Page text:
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Friday, July 19, 2013

Bloodrock - 3

Artist: Bloodrock
Album: 3
Year: 1971
Style: Hard Rock, Psych Rock
Similar Artists: Lynyrd Skynyrd, Iron Butterfly, AC DC, Deep Purple, Santana, Ted Nuget, Doors, Led Zeppelin
"One-Word" Review: Psych-Prog Shuffling Jive
Based Out Of: Fort Worth, TX
Label: Chung Sheng Records, CSJ Records (Taiwan)
 3 - Cover & Record
3 - Back & Record
3 (1971)
  1. Jessica 4:40
  2. Whiskey Vengeance 4:12
  3. Song for a Brother 5:15
  4. You Gotta Roll 5:05/
  5. Breach of Lease 9:05
  6. Kool-Aid Kids 6:12
  7. A Certain Kind 4:12
  8. America, America 1:20
Album Rating (1-10): 7.0


Members & Other Bands:
Rick Cobb - Composer, Drums, Percussion, Vocals
Ed Grundy - Bass, Composer, Vocals (The Naturals, Crowd +1)
Stephen Hill - Keyboards, Vocals (Crowd +1)
Hugh Hopper -Composer
Terry Knight - Producer (Grand Funk Railroad)
John Nitzinger - Composer (Nitzinger, Alice Cooper)
Lee Pickens - Guitar, Vocals (Crowd +1, Lee Pickens Group, Easter Island)
Jim Rutledge - Composer, Vocals (The Naturals, Crowd +1)
Nick Taylor - Guitar, Guitar (Rhythm), Vocals (The Naturals, Crowd +1)


Unknown-ness:
I’ve never heard of this band. But I found it sitting in a dollar bin of a record shop in New Orleans, and I could not pass up the Americana cover, dripping in patriotic blood. This seemed like as good of a localish southern rock style as what I could expect. Furthermore, this was a Japanese pressing, with most of the text in Asian characters (except for the lyrics to their album-ending track), so i'm thoroughly confused. I can only assume it is going to be some racist country rock.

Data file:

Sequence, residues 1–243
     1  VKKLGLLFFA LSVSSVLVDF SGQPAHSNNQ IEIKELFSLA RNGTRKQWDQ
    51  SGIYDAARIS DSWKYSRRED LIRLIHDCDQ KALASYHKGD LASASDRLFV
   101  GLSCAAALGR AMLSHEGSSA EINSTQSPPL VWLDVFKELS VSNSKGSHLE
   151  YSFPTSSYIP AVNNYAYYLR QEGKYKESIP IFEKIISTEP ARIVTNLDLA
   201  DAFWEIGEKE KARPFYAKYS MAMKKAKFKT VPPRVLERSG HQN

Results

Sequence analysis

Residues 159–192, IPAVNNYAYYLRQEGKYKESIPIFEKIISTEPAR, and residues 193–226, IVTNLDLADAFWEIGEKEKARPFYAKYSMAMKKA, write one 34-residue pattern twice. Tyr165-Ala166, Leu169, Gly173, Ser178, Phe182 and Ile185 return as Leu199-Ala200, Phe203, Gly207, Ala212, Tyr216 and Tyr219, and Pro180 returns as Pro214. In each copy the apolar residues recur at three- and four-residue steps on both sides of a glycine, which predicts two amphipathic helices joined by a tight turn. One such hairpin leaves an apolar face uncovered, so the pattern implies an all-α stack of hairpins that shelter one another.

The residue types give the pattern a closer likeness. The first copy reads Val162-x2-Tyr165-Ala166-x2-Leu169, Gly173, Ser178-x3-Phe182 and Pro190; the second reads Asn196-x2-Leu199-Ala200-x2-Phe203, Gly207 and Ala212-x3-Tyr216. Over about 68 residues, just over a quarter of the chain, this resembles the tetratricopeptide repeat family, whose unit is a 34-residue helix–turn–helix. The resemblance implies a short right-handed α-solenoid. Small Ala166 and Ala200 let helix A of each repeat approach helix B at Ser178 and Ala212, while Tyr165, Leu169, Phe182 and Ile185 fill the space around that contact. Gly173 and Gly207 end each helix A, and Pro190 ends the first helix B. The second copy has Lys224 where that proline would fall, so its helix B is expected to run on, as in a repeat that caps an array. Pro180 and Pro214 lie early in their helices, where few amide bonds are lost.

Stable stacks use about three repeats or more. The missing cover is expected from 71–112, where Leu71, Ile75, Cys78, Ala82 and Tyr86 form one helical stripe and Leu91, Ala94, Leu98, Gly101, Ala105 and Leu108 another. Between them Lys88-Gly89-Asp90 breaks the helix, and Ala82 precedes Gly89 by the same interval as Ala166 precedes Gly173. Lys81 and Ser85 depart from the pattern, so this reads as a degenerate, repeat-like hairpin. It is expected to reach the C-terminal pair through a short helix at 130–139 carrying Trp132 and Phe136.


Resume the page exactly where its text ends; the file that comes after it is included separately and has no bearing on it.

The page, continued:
Album Review: So nobody too famous had a hand in this band, but they were an early band that came from the Fort Worth Texas area, and at the height of feel good folksy music, they were making something else entirely, blending fast metal-like riffs, psychedelic production and prog sensibility.

“Jessica” has a dark bouncy bass beat to open up the album, followed by psychedelic organ and guitars. The tambourine and upbeat rhythms remind me of pop 60’s beatnik numbers. The vocals are somewhat deep and haunting, think Screaming Trees. It has a definite psych vibe to it, but it really drives and rocks as well. There is an ambulance siren urgency in the instrumental section that makes up the vocal less chorus. After the second incarnation of the chorus, the instrumental is extended with even more psych organ and progressive guitars.